“EPA continues to implement the Renewable Fuel Standard program in accordance with the Clean Air Act, taking into consideration additional direction from Congress, recommendations from Department of Energy, and relevant court decisions,” the agency said. “Many aspects of the decisions for exempting individual refineries are based on confidential business information.”

Scott Segal, an attorney who represents refining interests, said in a statement the EPA is following the law.

“The methodology for granting small-refiner exemptions is determined by statute,” he said. “Attempts to set artificial barriers against granting SREs has been rejected both in court three times and by direction of Congress in EPA appropriations bills. To say that the current administration undertook any special treatment for refiners is completely inconsistent with law and precedent. It’s just sour grapes from some in the biofuels sector.”


Domestic ethanol consumption declined for the first time in 20 years in 2018.

Cooper said the cause is not ethanol competitiveness, as ethanol is priced at 55 cents per gallon less than gasoline.

“Quite simply, the four dozen exemptions and billions of RINs (Renewable Identification Numbers) dumped on the market,” he said. “The pressure to blend was wiped away. Because RINs had very little value in 2018, prices had to adjust. We lost more than $1 billion last year (in lost blending). It’s really hard to overstate just how important the next few months will be.”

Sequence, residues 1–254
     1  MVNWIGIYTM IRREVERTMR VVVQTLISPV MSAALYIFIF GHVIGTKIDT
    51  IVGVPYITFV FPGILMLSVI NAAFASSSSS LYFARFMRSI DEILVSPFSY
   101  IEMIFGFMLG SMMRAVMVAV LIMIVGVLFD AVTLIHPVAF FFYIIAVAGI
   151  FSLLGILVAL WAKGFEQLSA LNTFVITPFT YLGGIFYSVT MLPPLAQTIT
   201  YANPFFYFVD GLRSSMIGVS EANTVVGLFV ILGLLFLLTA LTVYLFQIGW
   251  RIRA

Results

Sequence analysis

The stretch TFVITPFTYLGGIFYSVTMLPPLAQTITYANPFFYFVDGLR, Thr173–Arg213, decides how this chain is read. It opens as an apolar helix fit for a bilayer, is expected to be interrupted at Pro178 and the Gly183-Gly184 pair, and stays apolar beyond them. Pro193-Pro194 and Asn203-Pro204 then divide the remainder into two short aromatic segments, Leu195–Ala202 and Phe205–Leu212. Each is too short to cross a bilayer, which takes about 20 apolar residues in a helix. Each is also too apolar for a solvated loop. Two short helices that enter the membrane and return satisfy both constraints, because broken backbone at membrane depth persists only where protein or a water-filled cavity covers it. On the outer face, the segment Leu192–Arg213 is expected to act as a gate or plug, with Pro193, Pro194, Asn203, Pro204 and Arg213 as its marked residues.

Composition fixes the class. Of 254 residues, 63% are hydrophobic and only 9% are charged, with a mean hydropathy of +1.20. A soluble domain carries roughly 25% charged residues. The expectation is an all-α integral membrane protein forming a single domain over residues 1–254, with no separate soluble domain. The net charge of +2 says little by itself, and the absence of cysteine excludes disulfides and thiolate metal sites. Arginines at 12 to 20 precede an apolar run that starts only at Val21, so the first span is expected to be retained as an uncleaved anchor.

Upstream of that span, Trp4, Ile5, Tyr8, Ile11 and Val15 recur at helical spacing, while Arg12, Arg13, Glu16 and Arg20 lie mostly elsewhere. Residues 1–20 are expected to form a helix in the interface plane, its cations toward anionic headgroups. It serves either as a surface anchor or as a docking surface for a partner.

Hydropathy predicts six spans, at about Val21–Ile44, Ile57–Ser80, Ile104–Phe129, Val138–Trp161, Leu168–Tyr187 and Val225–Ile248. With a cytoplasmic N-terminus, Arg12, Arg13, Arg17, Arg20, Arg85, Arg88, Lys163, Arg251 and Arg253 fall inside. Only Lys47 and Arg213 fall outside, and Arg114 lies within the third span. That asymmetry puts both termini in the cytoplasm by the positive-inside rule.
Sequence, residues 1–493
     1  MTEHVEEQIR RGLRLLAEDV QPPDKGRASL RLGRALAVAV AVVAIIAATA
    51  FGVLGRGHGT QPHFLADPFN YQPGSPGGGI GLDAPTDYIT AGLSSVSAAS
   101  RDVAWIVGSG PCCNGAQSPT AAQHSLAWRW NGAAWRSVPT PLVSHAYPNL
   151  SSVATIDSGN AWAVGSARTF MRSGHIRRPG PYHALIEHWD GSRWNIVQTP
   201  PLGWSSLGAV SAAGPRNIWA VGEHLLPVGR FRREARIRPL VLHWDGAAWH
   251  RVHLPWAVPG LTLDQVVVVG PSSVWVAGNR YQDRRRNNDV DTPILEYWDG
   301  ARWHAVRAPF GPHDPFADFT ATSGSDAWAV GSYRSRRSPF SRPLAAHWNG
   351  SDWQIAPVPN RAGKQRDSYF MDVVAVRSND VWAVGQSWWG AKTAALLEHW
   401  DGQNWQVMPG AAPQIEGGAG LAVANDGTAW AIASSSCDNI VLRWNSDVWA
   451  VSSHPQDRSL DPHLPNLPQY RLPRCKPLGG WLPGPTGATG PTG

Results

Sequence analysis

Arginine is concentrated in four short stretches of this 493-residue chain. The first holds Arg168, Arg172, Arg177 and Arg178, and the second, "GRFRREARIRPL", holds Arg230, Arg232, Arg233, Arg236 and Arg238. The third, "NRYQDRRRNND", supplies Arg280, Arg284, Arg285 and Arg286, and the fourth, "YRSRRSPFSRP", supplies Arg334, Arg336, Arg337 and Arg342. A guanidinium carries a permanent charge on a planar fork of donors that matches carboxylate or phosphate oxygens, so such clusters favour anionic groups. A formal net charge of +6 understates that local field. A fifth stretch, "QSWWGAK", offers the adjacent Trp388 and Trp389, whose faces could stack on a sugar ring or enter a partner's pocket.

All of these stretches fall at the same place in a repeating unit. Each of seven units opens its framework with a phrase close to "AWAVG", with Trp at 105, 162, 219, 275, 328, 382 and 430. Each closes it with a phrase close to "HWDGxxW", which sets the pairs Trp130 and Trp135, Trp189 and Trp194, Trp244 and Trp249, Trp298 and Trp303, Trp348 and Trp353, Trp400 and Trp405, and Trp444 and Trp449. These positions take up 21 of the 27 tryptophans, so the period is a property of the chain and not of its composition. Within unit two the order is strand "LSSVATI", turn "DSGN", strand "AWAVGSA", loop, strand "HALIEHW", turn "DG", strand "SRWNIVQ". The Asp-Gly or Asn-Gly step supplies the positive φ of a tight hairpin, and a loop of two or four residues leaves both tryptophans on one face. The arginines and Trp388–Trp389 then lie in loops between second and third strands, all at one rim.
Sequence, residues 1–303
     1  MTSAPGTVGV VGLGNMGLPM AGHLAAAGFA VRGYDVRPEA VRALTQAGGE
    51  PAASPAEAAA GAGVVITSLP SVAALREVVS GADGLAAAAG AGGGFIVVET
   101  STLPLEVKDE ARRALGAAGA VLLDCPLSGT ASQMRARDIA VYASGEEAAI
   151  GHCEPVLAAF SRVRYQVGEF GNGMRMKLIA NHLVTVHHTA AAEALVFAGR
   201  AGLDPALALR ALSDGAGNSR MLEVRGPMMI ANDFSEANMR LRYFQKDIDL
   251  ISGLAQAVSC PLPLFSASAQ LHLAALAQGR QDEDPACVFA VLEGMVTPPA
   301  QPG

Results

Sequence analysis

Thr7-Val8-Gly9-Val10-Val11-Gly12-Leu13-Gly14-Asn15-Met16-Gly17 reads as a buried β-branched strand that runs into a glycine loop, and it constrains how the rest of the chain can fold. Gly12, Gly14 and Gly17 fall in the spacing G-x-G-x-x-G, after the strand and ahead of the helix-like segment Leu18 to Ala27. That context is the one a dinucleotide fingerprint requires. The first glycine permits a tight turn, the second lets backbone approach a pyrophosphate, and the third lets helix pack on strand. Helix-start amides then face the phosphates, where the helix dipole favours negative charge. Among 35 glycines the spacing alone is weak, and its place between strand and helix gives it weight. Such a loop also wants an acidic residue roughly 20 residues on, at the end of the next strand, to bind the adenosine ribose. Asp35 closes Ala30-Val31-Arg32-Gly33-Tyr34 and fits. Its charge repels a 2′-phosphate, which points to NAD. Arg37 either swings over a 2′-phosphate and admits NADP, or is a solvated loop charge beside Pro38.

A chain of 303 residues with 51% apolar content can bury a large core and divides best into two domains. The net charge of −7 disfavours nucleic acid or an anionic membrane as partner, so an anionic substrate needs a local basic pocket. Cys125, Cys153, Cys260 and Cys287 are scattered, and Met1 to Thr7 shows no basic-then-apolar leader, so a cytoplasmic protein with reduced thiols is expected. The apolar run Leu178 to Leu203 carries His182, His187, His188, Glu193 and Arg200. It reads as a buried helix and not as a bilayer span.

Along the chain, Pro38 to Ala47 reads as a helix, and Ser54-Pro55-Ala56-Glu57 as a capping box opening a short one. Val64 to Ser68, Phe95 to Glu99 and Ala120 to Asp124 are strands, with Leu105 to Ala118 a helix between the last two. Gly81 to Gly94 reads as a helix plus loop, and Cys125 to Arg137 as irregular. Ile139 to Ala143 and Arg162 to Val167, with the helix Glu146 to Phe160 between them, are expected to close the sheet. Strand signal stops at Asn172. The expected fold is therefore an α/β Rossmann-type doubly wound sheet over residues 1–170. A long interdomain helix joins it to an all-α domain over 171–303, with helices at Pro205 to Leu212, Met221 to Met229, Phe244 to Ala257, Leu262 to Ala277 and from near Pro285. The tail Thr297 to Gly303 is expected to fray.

The ethanol industry is expecting pivotal decisions from the EPA in the coming months. A final E15 and RIN reform rule is expected to be finalized by the end of May.

Wheeler’s EPA is expected to decide on 37 pending waiver requests from 2018 in May or June. Also, the agency is expected to propose a RFS reset.

“Then throw in a possible trade deal with China,” Cooper said, “and we cannot underscore enough that we need to see more restraint on the process on waivers. We need to see (lost) gallons accounted for. We need negotiations on China, we want the E15 rule to be legally defensible.”


Scott Richman, chief economist of the Renewable Fuels Association, said recent data shows the exemptions have led to lost demand for the ethanol industry.

“To put this in context, there was a considerable amount of debate about whether waivers are having an impact on the market,” he said. “There was demand destruction.”

In 2018, domestic consumption of ethanol fell for the first time since 1998.

The ethanol blend rate in gasoline dropped for the first time since 2009. In 2017, 14.5 billion gallons of ethanol was used by consumers, Richman said. That fell to 14.38 billion gallons in 2018. The 120-million-gallon drop in consumption, he said, is the equivalent of taking a large-scale ethanol plant out of production.

The ethanol blend rate fell from 10.13% in 2017 to 10.07% in 2018, Richman said. The U.S. Energy Information Administration expected the ethanol blend rate to be at 10.26% in 2018.